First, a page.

Mesoscale modeling study of severe convection over complex terrain

Zhang, Y; Meng, Z; Zhu, P; Su, T; Zhai, G

Advances in Atmospheric Sciences 33(11): 1259-1270


ISSN/ISBN: 0256-1530
DOI: 10.1007/s00376-016-5221-0
Accession: 064878629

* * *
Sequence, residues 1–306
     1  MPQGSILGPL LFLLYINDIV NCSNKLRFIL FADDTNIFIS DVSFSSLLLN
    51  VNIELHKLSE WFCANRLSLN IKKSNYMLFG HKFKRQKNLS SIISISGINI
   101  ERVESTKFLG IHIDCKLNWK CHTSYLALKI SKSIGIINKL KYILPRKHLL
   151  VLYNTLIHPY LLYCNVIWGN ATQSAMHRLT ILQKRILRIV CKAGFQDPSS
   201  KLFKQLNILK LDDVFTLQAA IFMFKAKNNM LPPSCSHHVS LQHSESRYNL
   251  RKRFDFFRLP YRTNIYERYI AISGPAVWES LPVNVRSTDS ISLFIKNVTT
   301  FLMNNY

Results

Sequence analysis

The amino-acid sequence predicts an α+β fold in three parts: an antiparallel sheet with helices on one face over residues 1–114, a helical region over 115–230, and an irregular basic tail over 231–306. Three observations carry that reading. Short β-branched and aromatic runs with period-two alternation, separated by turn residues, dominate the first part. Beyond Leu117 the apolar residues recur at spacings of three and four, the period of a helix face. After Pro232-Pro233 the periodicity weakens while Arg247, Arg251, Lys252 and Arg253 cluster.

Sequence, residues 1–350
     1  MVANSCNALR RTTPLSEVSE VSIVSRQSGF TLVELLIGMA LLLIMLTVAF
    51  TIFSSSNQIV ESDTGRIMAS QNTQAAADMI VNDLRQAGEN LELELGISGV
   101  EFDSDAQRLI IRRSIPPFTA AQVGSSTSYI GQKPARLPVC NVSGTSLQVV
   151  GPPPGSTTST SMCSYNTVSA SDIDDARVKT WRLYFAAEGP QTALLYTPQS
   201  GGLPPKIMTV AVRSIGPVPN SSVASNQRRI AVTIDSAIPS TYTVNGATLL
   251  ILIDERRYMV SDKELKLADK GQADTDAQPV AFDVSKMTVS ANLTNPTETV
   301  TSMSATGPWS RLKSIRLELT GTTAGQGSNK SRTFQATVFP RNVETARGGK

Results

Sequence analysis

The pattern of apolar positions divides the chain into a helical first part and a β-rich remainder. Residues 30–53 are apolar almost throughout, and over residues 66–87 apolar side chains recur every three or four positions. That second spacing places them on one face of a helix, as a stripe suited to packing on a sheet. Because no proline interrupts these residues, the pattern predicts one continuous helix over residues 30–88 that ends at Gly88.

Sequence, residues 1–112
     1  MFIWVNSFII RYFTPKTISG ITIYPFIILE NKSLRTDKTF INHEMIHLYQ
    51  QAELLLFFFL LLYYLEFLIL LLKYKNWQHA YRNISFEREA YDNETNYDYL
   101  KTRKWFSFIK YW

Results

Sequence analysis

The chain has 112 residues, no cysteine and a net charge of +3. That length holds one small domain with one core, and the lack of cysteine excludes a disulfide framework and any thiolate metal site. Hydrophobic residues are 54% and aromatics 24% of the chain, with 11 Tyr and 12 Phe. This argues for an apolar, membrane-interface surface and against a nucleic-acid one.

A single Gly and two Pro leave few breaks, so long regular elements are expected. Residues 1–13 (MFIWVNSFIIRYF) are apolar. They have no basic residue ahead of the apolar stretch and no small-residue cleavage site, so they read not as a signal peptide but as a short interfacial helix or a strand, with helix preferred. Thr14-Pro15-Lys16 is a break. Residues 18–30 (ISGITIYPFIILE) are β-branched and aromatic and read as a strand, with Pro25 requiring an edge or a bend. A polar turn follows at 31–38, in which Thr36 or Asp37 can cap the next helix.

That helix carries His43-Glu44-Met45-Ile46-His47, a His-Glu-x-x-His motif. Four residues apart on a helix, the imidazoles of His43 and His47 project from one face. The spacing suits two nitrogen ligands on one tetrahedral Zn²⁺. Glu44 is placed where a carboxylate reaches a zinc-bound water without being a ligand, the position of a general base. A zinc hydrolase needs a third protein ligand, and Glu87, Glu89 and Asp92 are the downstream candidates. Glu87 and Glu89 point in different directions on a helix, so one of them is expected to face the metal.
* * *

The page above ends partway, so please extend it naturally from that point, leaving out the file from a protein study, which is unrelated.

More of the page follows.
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Short squall lines that occurred over Lishui, southwestern Zhejiang Province, China, on 5 July 2012, were investigated using the Wrf model based on 1°×1° gridded Ncep Final Operational Global Analysis data. The results from the numerical simulations were particularly satisfactory in the simulated radar echo, which realistically reproduced the generation and development of the convective cells during the period of severe convection. The initiation of this severe convective case was mainly associated with the uplift effect of mesoscale mountains, topographic convergence, sufficient water vapor, and enhanced low-level southeasterly wind from the East China Sea. An obvious wind velocity gradient occurred between the Donggong Mountains and the southeast coastline, which easily enabled wind convergence on the windward slope of the Donggong Mountains; both strong mid–low-level southwesterly wind and low-level southeasterly wind enhanced vertical shear over the mountains to form instability; and a vertical coupling relation between the divergence on the upper-left side of the Donggong Mountains and the convergence on the lower-left side caused the convection to develop rapidly. The convergence centers of surface streams occurred over the mountain terrain and updrafts easily broke through the lifting condensation level (LCL) because of the strong wind convergence and topographic lift, which led to water vapor condensation above the Lcl and the generation of the initial convective cloud. The centers of surface convergence continually created new convective cells that moved with the southwest wind and combined along the Donggong Mountains, eventually forming a short squall line that caused severe convective weather.